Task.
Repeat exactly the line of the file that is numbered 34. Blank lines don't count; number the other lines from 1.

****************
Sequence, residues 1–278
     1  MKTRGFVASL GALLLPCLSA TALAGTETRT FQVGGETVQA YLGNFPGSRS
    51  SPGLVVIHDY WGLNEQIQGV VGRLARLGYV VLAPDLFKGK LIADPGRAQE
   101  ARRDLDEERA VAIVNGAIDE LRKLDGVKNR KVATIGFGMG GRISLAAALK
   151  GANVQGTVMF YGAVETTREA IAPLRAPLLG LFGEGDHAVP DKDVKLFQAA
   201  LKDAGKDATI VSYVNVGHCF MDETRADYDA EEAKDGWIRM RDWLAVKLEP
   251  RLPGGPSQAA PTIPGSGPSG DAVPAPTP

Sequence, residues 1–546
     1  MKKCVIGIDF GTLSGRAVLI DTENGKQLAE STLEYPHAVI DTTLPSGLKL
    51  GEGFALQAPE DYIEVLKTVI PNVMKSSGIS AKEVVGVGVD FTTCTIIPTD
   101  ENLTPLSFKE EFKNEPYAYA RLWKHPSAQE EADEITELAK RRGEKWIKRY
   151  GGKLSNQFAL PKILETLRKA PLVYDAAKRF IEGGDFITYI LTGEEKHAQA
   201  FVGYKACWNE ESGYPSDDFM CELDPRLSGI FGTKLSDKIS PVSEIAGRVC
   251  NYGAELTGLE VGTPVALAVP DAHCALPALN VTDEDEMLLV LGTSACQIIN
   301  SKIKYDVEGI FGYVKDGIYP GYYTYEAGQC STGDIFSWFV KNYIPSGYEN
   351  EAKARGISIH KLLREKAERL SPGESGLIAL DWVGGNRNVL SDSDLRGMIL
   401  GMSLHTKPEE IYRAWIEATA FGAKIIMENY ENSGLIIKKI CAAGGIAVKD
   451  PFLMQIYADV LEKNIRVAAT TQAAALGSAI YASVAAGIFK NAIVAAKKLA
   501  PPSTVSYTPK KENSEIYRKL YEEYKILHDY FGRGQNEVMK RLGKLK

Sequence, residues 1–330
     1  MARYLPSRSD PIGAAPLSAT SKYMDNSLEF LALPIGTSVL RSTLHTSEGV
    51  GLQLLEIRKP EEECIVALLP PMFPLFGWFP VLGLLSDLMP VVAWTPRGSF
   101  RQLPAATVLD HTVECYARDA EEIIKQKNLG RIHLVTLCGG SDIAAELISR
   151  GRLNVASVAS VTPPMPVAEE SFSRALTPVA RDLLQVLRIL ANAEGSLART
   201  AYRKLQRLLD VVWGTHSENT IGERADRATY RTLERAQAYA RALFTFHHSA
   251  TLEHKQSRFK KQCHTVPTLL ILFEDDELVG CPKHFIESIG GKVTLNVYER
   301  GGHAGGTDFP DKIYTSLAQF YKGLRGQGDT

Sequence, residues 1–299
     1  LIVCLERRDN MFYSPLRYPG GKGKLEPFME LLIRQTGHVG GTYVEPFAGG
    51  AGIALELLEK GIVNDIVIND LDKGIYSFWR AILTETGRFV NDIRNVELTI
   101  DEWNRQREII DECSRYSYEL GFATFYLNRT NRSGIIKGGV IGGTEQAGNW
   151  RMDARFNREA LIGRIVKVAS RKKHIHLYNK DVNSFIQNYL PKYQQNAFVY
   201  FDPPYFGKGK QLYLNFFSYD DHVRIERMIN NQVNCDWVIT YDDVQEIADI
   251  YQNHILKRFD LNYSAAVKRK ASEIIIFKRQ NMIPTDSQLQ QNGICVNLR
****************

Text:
   251  YQNHILKRFD LNYSAAVKRK ASEIIIFKRQ NMIPTDSQLQ QNGICVNLR